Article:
The present invention relates to a method and apparatus for evaluating exposed and developed film frames or analogous portions of information which is stored on elongated web-like carriers, especially for evaluating frames of exposed and developed color films prior to reproduction of such frames as a copying station. More particularly, the invention relates to a method and apparatus for selecting, storing and transmitting appropriate data to the exposure controls of a copying machine wherein portions of information which is stored on a web-like carrier are reproduced on photographic copy paper or other copying material.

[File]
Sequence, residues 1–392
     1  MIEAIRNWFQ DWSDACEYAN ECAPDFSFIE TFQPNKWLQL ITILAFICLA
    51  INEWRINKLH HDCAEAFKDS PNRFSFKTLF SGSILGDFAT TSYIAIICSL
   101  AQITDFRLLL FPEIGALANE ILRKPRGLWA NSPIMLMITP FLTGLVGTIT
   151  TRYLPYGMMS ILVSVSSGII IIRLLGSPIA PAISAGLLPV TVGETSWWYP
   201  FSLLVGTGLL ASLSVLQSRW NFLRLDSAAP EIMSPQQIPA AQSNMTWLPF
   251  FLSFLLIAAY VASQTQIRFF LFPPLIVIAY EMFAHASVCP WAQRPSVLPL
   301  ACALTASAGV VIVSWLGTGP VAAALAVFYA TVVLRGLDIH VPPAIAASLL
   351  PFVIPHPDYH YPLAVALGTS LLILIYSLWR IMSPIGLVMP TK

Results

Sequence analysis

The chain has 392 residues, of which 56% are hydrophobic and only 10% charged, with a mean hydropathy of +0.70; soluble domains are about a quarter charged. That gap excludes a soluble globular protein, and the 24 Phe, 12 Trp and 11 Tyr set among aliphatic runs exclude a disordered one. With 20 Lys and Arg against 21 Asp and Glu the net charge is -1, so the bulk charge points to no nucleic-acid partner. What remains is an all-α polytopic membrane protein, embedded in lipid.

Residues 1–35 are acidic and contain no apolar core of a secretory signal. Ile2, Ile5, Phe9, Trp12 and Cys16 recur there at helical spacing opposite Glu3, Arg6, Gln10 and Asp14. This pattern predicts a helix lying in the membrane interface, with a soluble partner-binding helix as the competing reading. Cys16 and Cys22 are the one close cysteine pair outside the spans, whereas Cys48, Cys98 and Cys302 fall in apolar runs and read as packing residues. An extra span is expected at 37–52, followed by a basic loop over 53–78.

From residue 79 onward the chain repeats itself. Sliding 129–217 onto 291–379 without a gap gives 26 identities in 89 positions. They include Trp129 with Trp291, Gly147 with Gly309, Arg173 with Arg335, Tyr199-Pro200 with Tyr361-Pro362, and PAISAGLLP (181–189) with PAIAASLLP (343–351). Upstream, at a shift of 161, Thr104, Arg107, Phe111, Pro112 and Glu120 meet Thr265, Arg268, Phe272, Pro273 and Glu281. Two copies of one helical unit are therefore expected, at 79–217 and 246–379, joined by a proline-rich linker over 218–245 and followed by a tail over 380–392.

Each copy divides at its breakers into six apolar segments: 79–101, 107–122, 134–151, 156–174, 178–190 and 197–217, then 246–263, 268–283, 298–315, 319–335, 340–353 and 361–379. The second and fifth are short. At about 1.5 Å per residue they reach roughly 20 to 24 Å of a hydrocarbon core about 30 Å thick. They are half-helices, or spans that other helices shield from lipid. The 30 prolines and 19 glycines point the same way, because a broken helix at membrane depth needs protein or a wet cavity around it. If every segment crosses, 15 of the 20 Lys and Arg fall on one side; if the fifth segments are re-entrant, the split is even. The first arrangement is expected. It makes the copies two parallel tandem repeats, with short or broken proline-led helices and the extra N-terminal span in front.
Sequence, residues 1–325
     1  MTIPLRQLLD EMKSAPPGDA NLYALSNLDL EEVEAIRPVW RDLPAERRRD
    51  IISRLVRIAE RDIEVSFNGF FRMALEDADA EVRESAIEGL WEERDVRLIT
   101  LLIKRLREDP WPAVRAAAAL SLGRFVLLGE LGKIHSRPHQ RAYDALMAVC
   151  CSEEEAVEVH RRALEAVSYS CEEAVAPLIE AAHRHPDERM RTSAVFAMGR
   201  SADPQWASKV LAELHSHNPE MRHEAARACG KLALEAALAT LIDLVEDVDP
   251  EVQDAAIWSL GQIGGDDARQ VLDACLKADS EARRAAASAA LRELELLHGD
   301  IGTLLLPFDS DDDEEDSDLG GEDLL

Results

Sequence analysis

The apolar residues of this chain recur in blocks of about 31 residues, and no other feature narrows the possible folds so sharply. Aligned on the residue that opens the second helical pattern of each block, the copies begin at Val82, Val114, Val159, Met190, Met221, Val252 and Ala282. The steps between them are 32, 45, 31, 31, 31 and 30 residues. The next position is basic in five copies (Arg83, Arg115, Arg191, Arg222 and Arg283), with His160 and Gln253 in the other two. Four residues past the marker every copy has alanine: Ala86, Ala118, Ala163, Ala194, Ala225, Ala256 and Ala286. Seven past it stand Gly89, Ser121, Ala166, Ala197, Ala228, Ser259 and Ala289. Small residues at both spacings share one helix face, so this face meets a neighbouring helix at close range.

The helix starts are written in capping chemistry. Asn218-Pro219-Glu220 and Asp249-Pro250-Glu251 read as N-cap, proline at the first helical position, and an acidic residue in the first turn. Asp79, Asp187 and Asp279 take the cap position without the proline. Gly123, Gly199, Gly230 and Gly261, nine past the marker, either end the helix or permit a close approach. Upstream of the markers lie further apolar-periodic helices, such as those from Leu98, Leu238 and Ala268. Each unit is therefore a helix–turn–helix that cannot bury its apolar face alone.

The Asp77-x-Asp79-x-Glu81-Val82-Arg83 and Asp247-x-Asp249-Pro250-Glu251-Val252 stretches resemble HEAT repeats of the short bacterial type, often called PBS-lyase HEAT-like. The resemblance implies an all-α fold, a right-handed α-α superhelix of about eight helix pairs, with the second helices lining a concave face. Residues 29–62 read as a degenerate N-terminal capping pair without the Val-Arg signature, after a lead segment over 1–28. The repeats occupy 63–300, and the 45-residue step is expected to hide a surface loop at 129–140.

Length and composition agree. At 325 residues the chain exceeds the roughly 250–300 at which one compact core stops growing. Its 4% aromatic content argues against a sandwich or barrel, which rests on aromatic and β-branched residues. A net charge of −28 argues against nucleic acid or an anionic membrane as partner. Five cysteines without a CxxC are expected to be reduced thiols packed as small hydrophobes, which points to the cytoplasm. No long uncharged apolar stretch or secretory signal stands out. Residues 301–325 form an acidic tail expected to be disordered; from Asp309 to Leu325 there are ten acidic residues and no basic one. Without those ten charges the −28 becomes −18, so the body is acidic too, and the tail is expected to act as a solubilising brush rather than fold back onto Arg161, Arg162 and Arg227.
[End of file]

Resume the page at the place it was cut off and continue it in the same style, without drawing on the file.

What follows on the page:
Automatic copying machines for color photographic negatives are often, and particularly invariably, equipped with automatic (objective) evaluating systems which generate signals whenever the color balance and/or density of a frame is such that the exposure controls must be adjusted if the copying machine is to make an acceptable reproduction. The objective evaluating system scans each frame of a succession of frames on a web of color film and produces signals whenever the color balance and/or density of a frame deviates from an average value. The signals reach the exposure controls of the copying machine simultaneously with advancement of the respective frames into register with the copying station. The objective evaluating system can be installed in the copying machine proper so that it examines or inspects that frame which is already located at the copying station. Alternatively, the objective evaluating system can be installed ahead of the copying station and is then operatively connected with the exposure controls so as to insure that the signals reach the exposure controls simultaneously with the arrival of corresponding frames at the copying station.